Texas Gov. Greg Abbott (R) vowed that the state would begin “building the border wall” and increase arrests of migrants trying to enter the country in the coming days, proclaiming that “change is needed to fix the border crisis problem.”
Speaking at a Thursday summit focused on border security in Del Rio, Tex., Abbott said he planned to restart building a border “barrier” after construction was halted when President Biden took office. The initiatives announced by the governor are included in more than $1 billion in funding approved in the new state budget for border security.
“Only Congress and the president can fix our broken border,” Abbott said in front of a crowded room of supporters. “But in the meantime, Texas is going to do everything possible, including beginning to make arrests, to keep our community safe.”
Abbott, one of the most vocal Republican critics of Biden’s handling of the southern border, offered few details in a plan that would revive President Donald Trump’s plan to complete a border wall. He said that more information on “building the border wall in the state of Texas” would be provided next week, which prompted a standing ovation.
“The ability to arrest will be enhanced by building border barriers,” he said. “Anybody who tries to modify, attempt or get through any of these border barriers — that unto itself is a crime for which they can be arrested.” He added, “We will be arresting a lot more people in the future.”
Whether Mexico would be involved in any possible border-wall project with Texas remains unclear. Though Trump had long insisted Mexico would pay for his border wall, the project, more than 450 miles of 18-to-30-foot steel-bollard fencing, was funded entirely by the U.S. government, at nearly $30 million a mile.
Neither the White House nor Jesús Ramírez Cuevas, a spokesman for Mexican President Andrés Manuel López Obrador, immediately responded to a request for comment Friday.
Laredo, Tex., Mayor Pete Saenz (D), who was part of a Thursday session where the governor framed his plan to leaders, told The Washington Post that Abbott at least twice described the wall initiative as more of a “fence” rather than a wall. Saenz supports Abbott’s push for increased border security but said he and the city remain opposed to any barrier being built.
“This wall business has been extremely divisive,” said Saenz, whose city is about a mile from the border. “Our position as a city is: no wall, no physical structure.”
The governor’s announcement about the wall and the increase in arrests, which were decried by legal advocates as “unlawful,” comes as border arrests have soared during the early part of the Biden administration. U.S. Customs and Border Protection data published Wednesday shows illegal crossing at a new 20-year high, with American authorities intercepting 180,034 migrants along the Mexico border in May.
The release of the CBP data followed Vice President Harris’s visit to Guatemala this week when she warned would-be migrants considering an unlawful trip to the United States to “not come.” Harris was criticized by some Democrats who considered the warning too harsh, while GOP lawmakers faulted her for not visiting the U.S. southern border.
Abbott has repeatedly touted his actions on immigration and border security in recent months, often blaming migrants or the Biden administration for issues at the southern border. In March, when he said the state would entirely scale back its coronavirus restrictions, Abbott tweeted that Biden allowing “hundreds of illegal immigrants who have COVID into Texas communities” was the reason the virus was spreading statewide. Last week, he ordered the state to pull the licenses of shelters and foster-care programs that provide care to unaccompanied migrant children.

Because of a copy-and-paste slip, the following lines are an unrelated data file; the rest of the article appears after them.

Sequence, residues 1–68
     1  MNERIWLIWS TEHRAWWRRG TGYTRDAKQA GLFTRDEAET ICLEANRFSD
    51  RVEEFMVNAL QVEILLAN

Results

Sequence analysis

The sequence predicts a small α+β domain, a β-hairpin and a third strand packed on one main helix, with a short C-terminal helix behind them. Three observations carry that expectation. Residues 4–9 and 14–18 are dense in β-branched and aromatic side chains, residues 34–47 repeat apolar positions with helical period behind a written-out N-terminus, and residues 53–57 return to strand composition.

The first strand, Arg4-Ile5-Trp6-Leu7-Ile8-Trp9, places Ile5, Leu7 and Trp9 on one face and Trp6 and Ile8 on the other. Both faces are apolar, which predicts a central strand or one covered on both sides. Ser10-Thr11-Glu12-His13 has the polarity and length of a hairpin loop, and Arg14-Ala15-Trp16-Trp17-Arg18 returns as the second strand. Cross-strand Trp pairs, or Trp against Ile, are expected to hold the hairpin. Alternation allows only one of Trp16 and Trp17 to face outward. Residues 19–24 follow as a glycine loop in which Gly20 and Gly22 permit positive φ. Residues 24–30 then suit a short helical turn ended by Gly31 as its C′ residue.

Kate Huddleston, a staff attorney at the American Civil Liberties Union of Texas, told The Post in a statement that Abbott’s plan “threatens to once again rip families apart at the border,” adding that the governor was “undermining the right to seek asylum by jailing those fleeing danger and punishing them for seeking refuge in the U.S.”
“Abbott is yet again scapegoating immigrants in an effort to distract from his own failures in governing and managing actual crises in Texas — like the historic winter storm that led to the deaths of more than 150 Texans — with cruel results,” Huddleston said.
The governor said his “enhanced border security plan” would arrest anyone “who enters our state illegally and is found trespassing, engaged in vandalism, criminal mischief or smuggling.” Saenz told The Post it was his impression that Abbott “understood the fence was going to be damaged, but that’s exactly what he wanted.” (Abbott did not specifically describe this in his announcement.)
He also announced the creation of a task force on border security, as well as his intention to sign an interstate compact with Arizona Gov. Doug Ducey (R) that would call on states to assist in arrests by sending resources such as drones and helicopters.
“It’s not the red carpet the federal administration rolled out to them,” Abbott said, referring to migrants. “They’re going to jail in the state of Texas.”
Saenz claimed that tens of thousands of arrests in Laredo have “primarily been Mexican nationals evading Border Patrol.” Even though the city is opposed to a border wall, he stressed Friday that something had to be done.
“We remain open to hearing more information because there’s definitely a problem at the border,” Saenz said. “If the federal government is not doing it, then someone has to do it.”